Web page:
Driving down a country road last week, I turned to gaze at a lone tree in the west that always stands so firmly, silhouetted against the evening sky. On this night, however, one half of the tree lay sprawled across a nearby farm field, toppled over by wind or age. “How sad,” I thought to myself, as I continued to drive home. The next day, I enjoyed a rare afternoon to myself, snowshoeing through the woods with my dog. Here again, I found a fallen tree, overturned by the whims of nature. This time, I thought, “How beautiful.” The dog and I crawled over and around the tree, her nose sniffing madly as we scrambled, and I wondered what mother could be resting underneath, sheltered safely from the winter wind. Could she be woodchuck, fox or hare?
We humans have a hard time accepting fallen trees where they lay. Their appearance is rather messy and pains our sensibilities, especially if the rotting log rests on the shore of a river or lake. We’d prefer if everything in nature remained living and trees stood upright, like they ought to.
When I worked at a nature center in Roseville fifteen years ago, I treated fallen logs like treasure chests. We taught children from the nearby elementary school who walked over from the building to our center in a long squiggly line led by the teacher. Many were city kids who’d never hiked or camped in the woods. “Will there be bears?” they wondered loudly as they walked. “Are there crocodiles and tigers?” I’d lead them down the trail a ways until I found a dead log on the edge of the woods. Then I’d stop, crouch down, and turn it over to reveal a hidden and vibrantly living world beneath.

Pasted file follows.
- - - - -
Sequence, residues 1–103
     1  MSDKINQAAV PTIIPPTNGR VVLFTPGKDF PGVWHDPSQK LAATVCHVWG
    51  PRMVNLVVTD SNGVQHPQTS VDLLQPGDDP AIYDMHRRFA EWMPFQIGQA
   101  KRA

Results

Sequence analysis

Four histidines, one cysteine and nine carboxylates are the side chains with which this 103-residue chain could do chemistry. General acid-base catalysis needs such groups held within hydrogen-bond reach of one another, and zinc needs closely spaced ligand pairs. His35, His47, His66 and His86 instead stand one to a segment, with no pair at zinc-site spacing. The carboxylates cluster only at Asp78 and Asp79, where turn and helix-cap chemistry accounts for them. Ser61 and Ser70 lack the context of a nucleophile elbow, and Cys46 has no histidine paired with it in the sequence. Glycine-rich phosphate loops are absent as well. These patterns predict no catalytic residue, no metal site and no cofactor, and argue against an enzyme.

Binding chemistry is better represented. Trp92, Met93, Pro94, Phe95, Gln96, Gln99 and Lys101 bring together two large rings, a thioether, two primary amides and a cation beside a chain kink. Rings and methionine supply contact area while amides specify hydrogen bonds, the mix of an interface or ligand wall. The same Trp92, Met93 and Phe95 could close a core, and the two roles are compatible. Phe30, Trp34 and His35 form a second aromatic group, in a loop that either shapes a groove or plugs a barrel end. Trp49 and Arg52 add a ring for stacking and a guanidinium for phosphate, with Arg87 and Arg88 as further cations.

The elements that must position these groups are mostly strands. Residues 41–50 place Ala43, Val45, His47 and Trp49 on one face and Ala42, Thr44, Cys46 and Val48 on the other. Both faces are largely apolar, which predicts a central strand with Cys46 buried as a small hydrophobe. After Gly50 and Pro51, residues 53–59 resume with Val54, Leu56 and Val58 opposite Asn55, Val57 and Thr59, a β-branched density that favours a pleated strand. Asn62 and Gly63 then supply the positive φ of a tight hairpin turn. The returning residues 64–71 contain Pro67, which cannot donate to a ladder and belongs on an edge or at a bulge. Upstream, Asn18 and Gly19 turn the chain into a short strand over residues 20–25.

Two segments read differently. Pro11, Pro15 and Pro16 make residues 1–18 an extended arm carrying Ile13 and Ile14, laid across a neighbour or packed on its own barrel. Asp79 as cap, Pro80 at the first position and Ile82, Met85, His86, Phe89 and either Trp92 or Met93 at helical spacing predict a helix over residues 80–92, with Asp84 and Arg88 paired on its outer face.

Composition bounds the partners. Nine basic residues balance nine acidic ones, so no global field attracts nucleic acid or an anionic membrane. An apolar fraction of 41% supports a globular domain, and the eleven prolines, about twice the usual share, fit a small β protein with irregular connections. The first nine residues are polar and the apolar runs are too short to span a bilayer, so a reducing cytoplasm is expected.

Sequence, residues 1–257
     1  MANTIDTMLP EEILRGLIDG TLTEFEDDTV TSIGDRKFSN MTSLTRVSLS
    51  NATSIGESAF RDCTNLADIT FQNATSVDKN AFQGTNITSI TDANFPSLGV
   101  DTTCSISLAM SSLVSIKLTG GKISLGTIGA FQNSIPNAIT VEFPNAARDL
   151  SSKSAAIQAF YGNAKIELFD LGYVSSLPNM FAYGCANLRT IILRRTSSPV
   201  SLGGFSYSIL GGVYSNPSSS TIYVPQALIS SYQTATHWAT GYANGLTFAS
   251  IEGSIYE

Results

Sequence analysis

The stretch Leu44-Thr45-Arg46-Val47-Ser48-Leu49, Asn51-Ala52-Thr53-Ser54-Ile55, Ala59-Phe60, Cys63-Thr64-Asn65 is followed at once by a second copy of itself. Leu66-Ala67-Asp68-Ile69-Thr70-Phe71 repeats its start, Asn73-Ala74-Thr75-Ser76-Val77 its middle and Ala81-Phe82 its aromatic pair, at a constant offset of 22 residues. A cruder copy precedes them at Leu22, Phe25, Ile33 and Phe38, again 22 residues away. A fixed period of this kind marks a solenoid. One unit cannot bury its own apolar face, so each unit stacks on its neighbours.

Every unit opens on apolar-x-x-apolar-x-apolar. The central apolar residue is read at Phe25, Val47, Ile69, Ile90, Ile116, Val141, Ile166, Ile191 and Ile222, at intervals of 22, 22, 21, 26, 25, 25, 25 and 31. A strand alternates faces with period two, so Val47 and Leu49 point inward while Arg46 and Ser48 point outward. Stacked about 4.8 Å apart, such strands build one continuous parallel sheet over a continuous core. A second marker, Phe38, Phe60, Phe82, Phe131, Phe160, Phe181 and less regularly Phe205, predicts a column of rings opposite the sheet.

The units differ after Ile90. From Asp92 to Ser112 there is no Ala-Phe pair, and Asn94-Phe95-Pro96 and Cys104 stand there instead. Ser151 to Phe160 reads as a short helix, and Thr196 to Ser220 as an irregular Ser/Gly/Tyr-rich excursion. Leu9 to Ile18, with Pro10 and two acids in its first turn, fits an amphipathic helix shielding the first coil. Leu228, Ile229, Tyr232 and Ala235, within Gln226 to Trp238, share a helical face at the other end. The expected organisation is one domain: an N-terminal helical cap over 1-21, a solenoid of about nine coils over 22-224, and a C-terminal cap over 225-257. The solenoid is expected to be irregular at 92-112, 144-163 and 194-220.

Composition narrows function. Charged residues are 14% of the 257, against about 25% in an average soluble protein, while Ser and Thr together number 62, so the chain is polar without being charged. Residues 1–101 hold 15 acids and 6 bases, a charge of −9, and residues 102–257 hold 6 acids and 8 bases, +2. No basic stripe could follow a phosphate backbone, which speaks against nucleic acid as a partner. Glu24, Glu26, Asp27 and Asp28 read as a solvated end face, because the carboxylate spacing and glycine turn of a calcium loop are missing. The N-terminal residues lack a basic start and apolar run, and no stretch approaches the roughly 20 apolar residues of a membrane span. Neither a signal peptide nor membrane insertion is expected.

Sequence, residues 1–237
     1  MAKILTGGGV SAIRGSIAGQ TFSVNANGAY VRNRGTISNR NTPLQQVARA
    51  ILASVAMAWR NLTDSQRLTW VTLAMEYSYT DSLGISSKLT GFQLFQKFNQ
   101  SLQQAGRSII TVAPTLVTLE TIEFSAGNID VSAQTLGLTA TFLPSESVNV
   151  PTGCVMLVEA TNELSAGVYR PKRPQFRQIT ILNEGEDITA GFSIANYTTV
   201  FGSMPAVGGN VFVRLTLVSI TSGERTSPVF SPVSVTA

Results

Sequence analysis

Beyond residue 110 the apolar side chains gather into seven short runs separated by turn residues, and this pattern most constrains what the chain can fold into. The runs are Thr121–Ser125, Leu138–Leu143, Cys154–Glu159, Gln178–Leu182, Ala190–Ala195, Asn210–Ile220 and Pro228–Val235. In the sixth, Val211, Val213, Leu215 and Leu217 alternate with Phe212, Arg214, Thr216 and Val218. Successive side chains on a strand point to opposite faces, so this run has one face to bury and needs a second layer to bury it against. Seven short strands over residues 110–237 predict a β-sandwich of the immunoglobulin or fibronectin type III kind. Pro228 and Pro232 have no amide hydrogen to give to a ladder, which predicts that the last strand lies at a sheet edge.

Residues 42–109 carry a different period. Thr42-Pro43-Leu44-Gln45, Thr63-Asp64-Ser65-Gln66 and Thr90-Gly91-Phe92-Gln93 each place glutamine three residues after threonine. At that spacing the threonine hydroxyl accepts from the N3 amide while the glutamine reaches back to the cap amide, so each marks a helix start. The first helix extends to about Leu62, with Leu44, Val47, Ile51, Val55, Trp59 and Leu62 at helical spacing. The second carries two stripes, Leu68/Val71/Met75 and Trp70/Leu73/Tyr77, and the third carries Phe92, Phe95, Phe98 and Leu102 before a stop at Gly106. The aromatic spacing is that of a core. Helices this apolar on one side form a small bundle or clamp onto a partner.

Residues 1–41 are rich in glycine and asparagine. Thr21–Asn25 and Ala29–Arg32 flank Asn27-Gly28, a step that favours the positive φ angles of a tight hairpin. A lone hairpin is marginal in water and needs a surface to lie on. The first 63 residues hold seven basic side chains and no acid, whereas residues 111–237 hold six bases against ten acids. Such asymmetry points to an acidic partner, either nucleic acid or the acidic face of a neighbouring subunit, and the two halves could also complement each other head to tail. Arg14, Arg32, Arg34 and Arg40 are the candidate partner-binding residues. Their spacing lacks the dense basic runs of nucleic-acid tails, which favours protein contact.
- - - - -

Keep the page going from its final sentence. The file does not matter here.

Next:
Within seconds, the kids would gather around chattering excitedly as we gazed at millipedes, slugs and beetles. Soon, the children would fan out across the area, turning over every rock and log in sight. Earthworms, ants, and the occasional toad would spill out from beneath, while nurseries full of pure white larva wiggled beguilingly in sheltered cavities. Often a parent chaperone would turn to me and say, “Wow! I never knew there could be so many living things beneath a dead log in the woods.”
These elementary school students learned that there are three vital components to the nutrient cycle. Plant and trees are producers, which create food from sunlight, air and water. Consumers include the predators and prey that eat plants and one another, and decomposers – bacteria and fungi – break down dead plants and animals so that the cycle is continually renewed. Without the fallen log in the woods, there is no nourishment for the purple jellydisc mushrooms, sprouting like dark red ears out of the side of its crumbling bark. There are no colonies of ants, quietly marching across the soft brown soil, carrying bits of leaves in their mouths. There are no black and white badgers rooting about noisily, scooping pawfuls of larva into their mouths.
Along the edges of lakes and rivers, dead trees are equally life-giving. These snags create cover for wildlife and provide a safe space away from the currents for fish to spawn and lay eggs. Cavities in snags attract woodpeckers, nuthatches, brown creepers, wood ducks, mergansers, flycatchers and squirrels. Ospreys and eagles nest or perch on dead trees, as do herons and egrets. Downed logs in the water give turtles and ducks and place to bask in the summer sun, provide homes for salamanders and frogs, and are havens for insects and worms. Though the human eye scorns the messy shoreline, nature’s heart loves these places best.
In nature, there is life and death. As an old tree dies, birds carve nests in its side to lay eggs. Then finally one night, amidst falling snow and whipping wind, the tree falls to the ground. “How sad,” I think, as I drive by in my car. “How beautiful,” the mother fox sighs quietly, as she burrows beneath the old, dead log to nuzzle babies in her den.